Those portions of the plaintiffs' prayer which concern costs, attorneys' fees, and treble damages may be disposed of summarily, for they are never within the province of the jury. Costs are the concern of the clerk and the judge, and what discretion exists is that of the judge. Federal Rule of Civil Procedure 54(d); 28 U.S.C.A. §§ 1920, 1928 (1950). The matter of the awarding of attorneys' fees to the prevailing party is solely within the sound discretion of the trial judge, 35 U.S.C.A. § 285 (1954), as is the matter of the granting of increased damages, up to three times the amount found by the jury. 35 U.S.C.A. § 284 (1954). Randolph Laboratories v. Specialties Development Corp., 213 F.2d 873 (3rd Cir. 1954); Middleton v. Wiley, 195 F.2d 844 (8th Cir. 1952).

The remaining relief requested by plaintiffs is drawn in traditionally equitable language. No one could dispute that a permanent injunction is equitable relief, but since it cannot be given without an infringement having been found, it must await a jury determination of infringement if legal issues requiring that determination are present. The only other relief requested by plaintiff is "an accounting for profits, damages * * *." An accounting for profits is traditionally equitable, but damages are also requested here. Damages are the traditional legal relief, but when asked, as here, in conjunction with an equitable accounting, the rule until recently has been that they are merely incidental to the equitable remedy and do not carry with them a right to jury trial. See, e. g., Etablissements Neyrpic v. Elmer C. Gardner, Inc., 175 F.Supp. 355 (S.D. Tex. 1959). The rule is now clearly to the contrary, and is firmly established by Dairy Queen, Inc. v. Wood, 369 U.S. 469, 470, 82 S.Ct. 894, 8 L.Ed.2d 44 (1962). No longer can the right to jury trial be thwarted by a characterization of the claim for damages as one "incidental" to the request for equitable relief. The Court in Dairy Queen even found a legal issue in the request for an accounting, in effect stripping from that word its former exclusively equitable connotation. 369 U.S. at 477, 82 S.Ct. at 899, 8 L.Ed.2d 44.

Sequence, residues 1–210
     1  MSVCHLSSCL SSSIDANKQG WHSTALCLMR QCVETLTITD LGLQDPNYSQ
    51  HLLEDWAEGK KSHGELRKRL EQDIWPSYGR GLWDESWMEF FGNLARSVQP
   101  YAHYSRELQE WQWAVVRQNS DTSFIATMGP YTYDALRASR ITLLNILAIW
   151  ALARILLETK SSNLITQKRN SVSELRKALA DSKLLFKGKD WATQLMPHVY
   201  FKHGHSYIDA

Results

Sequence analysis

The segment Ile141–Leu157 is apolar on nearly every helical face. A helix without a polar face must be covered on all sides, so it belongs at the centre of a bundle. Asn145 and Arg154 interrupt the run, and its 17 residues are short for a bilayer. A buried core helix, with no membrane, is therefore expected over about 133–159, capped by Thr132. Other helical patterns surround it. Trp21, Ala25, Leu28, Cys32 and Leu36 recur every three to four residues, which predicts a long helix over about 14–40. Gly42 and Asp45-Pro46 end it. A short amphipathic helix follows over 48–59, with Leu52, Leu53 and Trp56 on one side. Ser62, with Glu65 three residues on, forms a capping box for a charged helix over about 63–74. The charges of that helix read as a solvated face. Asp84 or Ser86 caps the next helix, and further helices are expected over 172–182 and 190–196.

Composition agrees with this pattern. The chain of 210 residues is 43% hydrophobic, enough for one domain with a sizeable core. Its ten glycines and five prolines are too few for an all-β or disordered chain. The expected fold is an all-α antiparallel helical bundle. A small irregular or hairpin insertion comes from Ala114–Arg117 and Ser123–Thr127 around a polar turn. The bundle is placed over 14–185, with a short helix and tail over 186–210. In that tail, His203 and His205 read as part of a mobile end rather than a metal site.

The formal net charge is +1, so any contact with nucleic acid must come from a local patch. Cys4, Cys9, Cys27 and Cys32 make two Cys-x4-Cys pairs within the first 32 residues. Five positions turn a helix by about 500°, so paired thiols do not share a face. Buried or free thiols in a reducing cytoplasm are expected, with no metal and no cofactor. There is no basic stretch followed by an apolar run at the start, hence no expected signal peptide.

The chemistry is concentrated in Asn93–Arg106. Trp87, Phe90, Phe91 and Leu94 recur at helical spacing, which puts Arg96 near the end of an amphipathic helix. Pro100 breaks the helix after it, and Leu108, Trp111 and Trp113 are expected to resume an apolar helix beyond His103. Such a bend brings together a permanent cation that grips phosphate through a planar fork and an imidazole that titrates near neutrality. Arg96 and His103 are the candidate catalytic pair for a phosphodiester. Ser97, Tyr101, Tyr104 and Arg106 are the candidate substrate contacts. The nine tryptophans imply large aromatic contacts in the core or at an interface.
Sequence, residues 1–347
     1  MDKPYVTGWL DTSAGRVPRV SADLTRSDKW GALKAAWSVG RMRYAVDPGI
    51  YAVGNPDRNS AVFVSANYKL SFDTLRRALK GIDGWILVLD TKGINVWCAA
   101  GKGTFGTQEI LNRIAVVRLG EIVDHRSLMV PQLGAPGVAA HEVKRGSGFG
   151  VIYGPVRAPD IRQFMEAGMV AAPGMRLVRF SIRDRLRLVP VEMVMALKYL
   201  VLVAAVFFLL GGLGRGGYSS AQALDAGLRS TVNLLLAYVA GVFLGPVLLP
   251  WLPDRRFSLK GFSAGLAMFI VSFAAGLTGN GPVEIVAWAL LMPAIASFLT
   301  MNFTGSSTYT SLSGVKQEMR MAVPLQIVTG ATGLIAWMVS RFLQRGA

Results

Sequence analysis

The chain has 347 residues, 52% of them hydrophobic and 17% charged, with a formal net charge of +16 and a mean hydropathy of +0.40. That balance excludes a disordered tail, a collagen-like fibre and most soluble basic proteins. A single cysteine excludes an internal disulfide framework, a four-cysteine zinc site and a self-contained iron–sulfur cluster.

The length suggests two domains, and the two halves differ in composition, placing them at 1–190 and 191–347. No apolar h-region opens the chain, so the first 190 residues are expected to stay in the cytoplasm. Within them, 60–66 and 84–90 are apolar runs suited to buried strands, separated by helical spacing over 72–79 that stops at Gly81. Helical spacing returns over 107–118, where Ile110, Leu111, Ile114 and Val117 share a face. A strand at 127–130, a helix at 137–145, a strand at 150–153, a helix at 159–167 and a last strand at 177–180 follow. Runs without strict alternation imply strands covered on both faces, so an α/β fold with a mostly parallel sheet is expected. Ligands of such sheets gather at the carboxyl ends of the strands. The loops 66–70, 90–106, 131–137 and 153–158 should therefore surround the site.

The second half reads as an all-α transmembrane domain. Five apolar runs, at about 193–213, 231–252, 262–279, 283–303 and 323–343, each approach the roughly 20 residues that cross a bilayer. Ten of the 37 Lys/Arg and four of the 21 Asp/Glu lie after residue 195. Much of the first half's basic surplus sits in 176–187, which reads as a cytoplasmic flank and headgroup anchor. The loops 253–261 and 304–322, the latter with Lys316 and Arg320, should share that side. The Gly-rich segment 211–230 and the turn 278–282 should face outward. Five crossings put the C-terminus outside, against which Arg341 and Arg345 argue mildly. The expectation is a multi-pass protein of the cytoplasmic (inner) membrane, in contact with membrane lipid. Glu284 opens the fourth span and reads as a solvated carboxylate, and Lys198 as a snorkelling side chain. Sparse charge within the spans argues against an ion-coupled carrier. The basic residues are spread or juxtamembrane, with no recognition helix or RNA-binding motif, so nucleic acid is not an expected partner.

Furthermore, at oral hearing plaintiffs offered to amend their complaint to emphasize the damage request, and it is incumbent upon this Court to place proper emphasis on the request for damages. Record of Oral Hearing 10-11.

This Court is therefore compelled to grant plaintiffs' demand for jury trial, at least as to those questions of fact germane to the request for damages: the issues of validity of the patent, infringement thereof, and appropriate damages. The remaining requests for relief, i. e., injunctions, costs, attorneys' fees, and treble damages, will be considered by the Court in the light of the relevant jury findings. An equitable accounting for profits will be undertaken only upon a showing of necessity. See 369 U.S. at 478, 82 S.Ct. at 900, 8 L.Ed. 2d 44.

Rule 42(b) of the Federal Rules of Civil Procedure authorizes the Court to order separate trial of separate issues "in furtherance of convenience or to avoid prejudice." In the normal case separate trial of issues is seldom required, but in a patent infringement suit considerations exist which suggest that efficient judicial administration would be served by separate trials on the issues of liability and damages. The trial of the damages question in such a suit is often difficult and expensive, while being easily severed from the trial of the questions of validity and infringement of the patent. A preliminary finding on the question of liability may well make unnecessary the damages inquiry, and thus result in substantial saving of time of the Court and counsel and reduction of expense to the parties. Moreover, separate trial of the issue of liability may present counsel the opportunity to obtain final settlement of that issue on appeal without having reached the often time-consuming and difficult damages question. It appears well settled that these factors, or others like them, amply support the exercise of discretion by the trial judge to order separate trials of liability and damages under Rule 42(b). See Nettles v. General Acc. Fire Life Assur. Corp., 234 F.2d 243, 247 (5th Cir. 1956); O'Donnell v. Watson Bros. Transp. Co., 183 F.Supp. 577 (N.D.Ill. 1960); Lyophile-Cryochem Corp. v. Chas. Pfizer Co., 7 F.E.D. 362 (E.D.N.Y. 1947); Barron Holtzoff, Federal Practice and Procedure § 943 (1961); 5 Moore, Federal Practice 1217 (1951).

However, plaintiffs suggest that to try the issues of liability and damages to separate juries, requisite in this case if separate trials should be ordered, would be a deprivation of jury trial as contemplated by the Seventh Amendment. Although the question has not yet been authoritatively settled, the Court feels that there is no violation of the Seventh Amendment by a separate submission of issues to separate juries under proper circumstances. See O'Donnell v. Watson Bros. Transp. Co., 183 F.Supp. 577 (N.D.Ill. 1960); Barron Holtzoff, Federal Practice and Procedure § 943 (1961); 5 Moore, Federal Practice 1217 (1951); Miner, Court Congestion: A New Approach, 45 A.B.A.J. 1265 (1959). Cf. Hayden v. Chalfant Press, Inc., 281 F.2d 543, 544 (9th Cir. 1960); Hosie v. Chicago N. W. Ry., 282 F.2d 639 (7th Cir. 1960); United Air Lines v. Wiener, 286 F.2d 302 (9th Cir. 1961).

Plaintiffs, while opposing separate trials, have failed to make any showing that they will be seriously prejudiced thereby, and the Court is of the opinion that they will in no way be deprived of a fair trial by trial of the issues of liability and damages by separate juries. It is therefore ordered that the issues of validity and infringement, and any other issues relating to defendant's liability, shall be tried separately from the issue of damages. In the event plaintiffs are successful in establishing defendant's liability, the parties will be given adequate time to prepare for trial on the damages issue, before a second jury.